10 Things to Know about Georg Baselitz

Georg Baselitz

Only a few artists who have received worldwide recognition manage to continue to be themselves and not be afraid to go beyond. One of them is the German painter Georg Baselitz. The contemporary artist has never looked for simple solutions in creativity and has always been ready to take risks.

The real name of the artist is Hans-Georg Kern, and he came up with a pseudonym in honor of his hometown of Deutschbaselets, located near Dresden. Throughout his life, Georg Baselitz continued and continues to engage in creative activities and create works in which he vents his thoughts and feelings, and they often cross moral and ethical boundaries.

Today we’re discovering 10 things you need to know about Baselitz, “a good artist of bad painting”.

Georg Baselitz lived at a school.

His father was a school teacher, so Georg lived with his family on the school grounds. But as you know, there is no evil without good. Thanks to the school library, he first discovered art in a 19th century sketchbook. Moving from one school to another, he entered the Higher School of Art in East Berlin. But the novice artist did not stay long in this educational institution. Soon he was expelled for “socio-political immaturity”, so he entered the Berlin University of the Arts in West Berlin.

Georg Baselitz, Wir besuchen den Rhein I (We Visit The Rhine), 1996

Georg Baselitz painted upside-down.

After a period of experimentation where Baselitz cut his canvases into strips, he discovered a technique that would later become his artistic style and a his special trademark. In 1969, he created a work inspired by the motif of Louis-Ferdinand von Reisky’s painting “Wermsdorf Forest” (Wermsdorfer Wald), and turned it over so that the bottom became a top, or “Forest on the Head” (Der Wald auf dem Kopf). Georg Baselitz explained this intriguing gesture as a way of testing the boundaries between figuration and abstraction.

Georg Baselitz, Volk Ding Zero (People Thing Zero), 2009

Georg Baselitz is a provocative artist.

If Baselitz were known for one thing, it would be scandals. He caused outrage during his first solo exhibition in 1963. Then two of his most daring paintings, Die große Nacht im Eimer (The Big Night in the Sewers) and Der nackte Mann (Naked Man), were confiscated by bailiffs on obscenity charges.

Baselitz took down his artworks in protest.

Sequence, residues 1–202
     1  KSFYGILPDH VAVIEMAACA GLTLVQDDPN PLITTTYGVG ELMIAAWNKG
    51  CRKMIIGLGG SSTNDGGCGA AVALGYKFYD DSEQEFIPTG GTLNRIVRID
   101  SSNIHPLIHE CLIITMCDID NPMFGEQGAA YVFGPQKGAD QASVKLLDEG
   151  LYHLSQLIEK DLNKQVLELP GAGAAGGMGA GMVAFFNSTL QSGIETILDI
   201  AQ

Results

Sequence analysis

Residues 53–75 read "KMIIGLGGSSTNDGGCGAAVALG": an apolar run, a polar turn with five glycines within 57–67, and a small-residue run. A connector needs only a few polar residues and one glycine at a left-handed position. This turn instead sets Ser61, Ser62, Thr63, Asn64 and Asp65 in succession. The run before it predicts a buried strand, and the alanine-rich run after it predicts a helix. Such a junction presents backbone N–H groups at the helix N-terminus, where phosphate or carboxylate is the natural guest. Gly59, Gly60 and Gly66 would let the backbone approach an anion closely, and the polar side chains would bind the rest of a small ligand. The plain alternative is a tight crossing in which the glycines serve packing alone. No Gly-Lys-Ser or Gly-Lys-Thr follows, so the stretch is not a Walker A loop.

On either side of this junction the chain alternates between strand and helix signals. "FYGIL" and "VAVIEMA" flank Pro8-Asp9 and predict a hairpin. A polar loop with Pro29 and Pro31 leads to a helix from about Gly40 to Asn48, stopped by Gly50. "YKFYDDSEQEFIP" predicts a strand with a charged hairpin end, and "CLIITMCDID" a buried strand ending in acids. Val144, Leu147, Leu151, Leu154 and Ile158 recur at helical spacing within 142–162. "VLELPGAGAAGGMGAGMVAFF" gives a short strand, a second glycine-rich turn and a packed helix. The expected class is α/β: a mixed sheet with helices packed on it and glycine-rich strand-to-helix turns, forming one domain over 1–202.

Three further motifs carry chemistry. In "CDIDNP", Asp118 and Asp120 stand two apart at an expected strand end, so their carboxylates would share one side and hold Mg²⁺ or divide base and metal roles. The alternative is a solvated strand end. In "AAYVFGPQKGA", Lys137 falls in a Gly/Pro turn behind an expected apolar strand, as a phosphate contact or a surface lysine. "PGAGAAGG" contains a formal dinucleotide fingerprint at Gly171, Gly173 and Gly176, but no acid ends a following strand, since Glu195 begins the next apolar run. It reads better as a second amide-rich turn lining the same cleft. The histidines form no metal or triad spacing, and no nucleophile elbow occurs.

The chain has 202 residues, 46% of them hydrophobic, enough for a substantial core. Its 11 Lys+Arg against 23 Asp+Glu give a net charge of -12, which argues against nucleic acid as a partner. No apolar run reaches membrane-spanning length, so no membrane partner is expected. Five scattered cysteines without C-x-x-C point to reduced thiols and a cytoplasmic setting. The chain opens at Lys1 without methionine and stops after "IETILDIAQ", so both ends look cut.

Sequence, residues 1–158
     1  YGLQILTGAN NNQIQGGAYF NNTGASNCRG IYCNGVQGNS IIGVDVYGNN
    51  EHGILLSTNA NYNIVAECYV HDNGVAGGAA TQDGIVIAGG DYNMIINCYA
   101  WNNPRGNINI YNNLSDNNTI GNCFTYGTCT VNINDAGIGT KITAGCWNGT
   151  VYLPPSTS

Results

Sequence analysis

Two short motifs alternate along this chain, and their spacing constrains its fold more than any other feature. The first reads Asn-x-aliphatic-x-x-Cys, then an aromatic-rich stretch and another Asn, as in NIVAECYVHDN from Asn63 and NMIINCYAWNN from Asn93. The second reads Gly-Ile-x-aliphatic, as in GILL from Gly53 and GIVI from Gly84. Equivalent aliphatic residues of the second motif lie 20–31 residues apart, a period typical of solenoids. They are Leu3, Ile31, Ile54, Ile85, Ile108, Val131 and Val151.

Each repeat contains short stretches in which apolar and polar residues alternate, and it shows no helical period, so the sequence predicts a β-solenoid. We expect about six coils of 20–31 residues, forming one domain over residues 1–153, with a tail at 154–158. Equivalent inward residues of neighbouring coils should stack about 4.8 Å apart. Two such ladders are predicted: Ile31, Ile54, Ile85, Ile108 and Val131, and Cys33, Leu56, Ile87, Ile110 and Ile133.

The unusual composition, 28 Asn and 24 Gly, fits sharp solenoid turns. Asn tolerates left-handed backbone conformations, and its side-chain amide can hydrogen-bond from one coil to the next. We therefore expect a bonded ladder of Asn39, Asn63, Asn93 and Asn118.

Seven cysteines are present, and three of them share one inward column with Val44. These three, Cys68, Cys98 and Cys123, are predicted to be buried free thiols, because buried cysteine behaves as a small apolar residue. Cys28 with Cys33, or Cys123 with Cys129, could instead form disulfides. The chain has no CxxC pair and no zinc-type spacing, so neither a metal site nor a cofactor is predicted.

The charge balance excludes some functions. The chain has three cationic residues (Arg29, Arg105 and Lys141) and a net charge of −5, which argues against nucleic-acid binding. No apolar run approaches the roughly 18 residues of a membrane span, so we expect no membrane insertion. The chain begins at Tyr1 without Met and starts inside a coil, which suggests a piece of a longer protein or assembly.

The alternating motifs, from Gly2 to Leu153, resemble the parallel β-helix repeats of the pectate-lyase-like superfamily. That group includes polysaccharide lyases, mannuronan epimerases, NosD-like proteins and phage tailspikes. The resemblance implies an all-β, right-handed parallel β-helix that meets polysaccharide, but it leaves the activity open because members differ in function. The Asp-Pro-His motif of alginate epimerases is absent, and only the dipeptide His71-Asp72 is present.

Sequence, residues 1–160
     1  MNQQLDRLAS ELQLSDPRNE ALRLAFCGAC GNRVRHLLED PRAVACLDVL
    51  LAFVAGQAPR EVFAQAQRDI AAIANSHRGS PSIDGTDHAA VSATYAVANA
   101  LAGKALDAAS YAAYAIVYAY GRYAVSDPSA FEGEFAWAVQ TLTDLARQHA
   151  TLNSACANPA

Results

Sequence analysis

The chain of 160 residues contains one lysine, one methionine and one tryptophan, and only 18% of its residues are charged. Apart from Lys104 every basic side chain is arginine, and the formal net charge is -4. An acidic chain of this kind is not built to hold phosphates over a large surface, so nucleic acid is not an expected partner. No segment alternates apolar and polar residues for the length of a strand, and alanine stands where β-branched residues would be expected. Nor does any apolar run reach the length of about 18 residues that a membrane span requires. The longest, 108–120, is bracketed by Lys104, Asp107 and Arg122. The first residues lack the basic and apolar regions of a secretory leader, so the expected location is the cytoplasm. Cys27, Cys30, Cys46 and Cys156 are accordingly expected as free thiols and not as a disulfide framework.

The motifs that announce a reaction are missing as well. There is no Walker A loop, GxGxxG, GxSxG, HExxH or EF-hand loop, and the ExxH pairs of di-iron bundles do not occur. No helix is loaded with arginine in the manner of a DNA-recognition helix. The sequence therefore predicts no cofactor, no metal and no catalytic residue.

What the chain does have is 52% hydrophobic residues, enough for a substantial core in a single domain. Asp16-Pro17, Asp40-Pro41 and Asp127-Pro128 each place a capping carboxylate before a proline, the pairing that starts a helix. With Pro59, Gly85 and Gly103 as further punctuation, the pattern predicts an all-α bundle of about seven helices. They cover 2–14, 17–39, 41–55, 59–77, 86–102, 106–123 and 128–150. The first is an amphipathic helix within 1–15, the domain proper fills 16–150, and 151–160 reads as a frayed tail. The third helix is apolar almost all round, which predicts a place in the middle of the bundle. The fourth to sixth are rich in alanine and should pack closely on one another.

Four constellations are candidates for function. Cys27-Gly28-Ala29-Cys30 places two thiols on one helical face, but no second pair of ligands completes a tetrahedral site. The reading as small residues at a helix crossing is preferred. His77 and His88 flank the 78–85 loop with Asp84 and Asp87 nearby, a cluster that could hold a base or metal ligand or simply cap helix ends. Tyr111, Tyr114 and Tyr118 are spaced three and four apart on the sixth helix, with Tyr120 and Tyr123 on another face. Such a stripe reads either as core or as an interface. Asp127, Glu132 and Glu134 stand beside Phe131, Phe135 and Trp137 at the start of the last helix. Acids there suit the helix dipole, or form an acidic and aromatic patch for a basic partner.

In 1977, during Documenta 6 in Kassel, in which he took part with Markus Lüperz, he removed his work in protest against the presence of artists from East Germany (GDR). The move caused a scandal at the time and propelled the two artists to the forefront of the international scene.

Georg Baselitz, Fingermalerei – Adler (Finger Painting – The Eagle), 1972

Georg Baselitz made waves at the Venice Biennale.

During the Venice Biennale in 1980 Baselitz exhibited “Model for a Sculpture”. This work was incredibly controversial as it depicted a seated figure performing what appears to be a Nazi salute. The critics went wild. However, the artist defended himself. He said he did not intend to evoke the horrors of the Nazi regime. Now it`s one of his notable artworks the opinion on which remains devided.

Georg Baselitz, Modell für eine Skulptur (Model for a Sculpture) , 1979 – 1980 © Museum Ludwig, Cologne

He’s a fan of Eugène Leroy’s work.

During a trip to Paris in 1960, Georg Baselitz discovered the work of Eugène Leroy which made a deep impression on him. According to the artist himself, when he discovered Leroy’s paintings at an exhibition in the Claude Bernard Gallery, he did not dare to open the gallery door so as not to buy something. He was happy to gaze at the works through the window.

Georg Baselitz Surdororeal, 2019 Oil and painter’s gold varnish on canvas 304 x 350 cm (119,69 x 137,8 in) (GB 2369)

Georg Baselitz explores ageing in his paintings.

Lately, Baselitz has been painting wrinkles, sagging skin, protruding bones, angular features, and gray hair instead of the smooth, toned silhouettes associated with youth. Fragility and even death permeate these paintings. In this way, Baselitz shows that he is not afraid of the inevitable. When he gets old, so do his models.

Daniel Blau, Georg Baselitz in his studio, 1983

Baselitz said “women don’t paint very well. It’s a fact”.

In 2013 the German painter declared to journalists that “women don’t paint very well”. Was it a joke made in poor taste or male chauvinism? According to Georg Baselitz, to be a quality artist, a certain amount of cruelty is required, a quality that is characteristic of the male sex.

Georg Baselitz painted the Heroes series.

This series of large-format compositions depicts soldiers in uniform; muscular, armed and imposing. Despite their strength, they appear weak, destitute, and abandoned. Baselitz’s work seems to be broken apart, then reassembled and glued together again in a mess, reflecting the experience of many former soldiers in post-war Germany, where the artist lived.

Georg Baselitz, Dinner in Dresden, 1983

Georg Baselitz is a Neo-Expressionist.

Georg Baselitz is considered one of the pioneers of German Neo-Expressionism. In collaboration with the artist Eugen Schönebeck, he wrote two manifestos, Pandemonium (1962) and Great Friends (1965), in which he expresses his determination to resist the influence of the Paris School and American painting.

If you look at the work of Georg Baselitz from different periods of his life, it will not be possible to say exactly what was created earlier and what – later, because his paintings do not have any linear development. They differ sharply from each other both in style and quality. But despite such a variety of forms and genres, the artist still touches on the same issues from time to time, and this is especially impressive when you consider that he has been painting for more than half a century.


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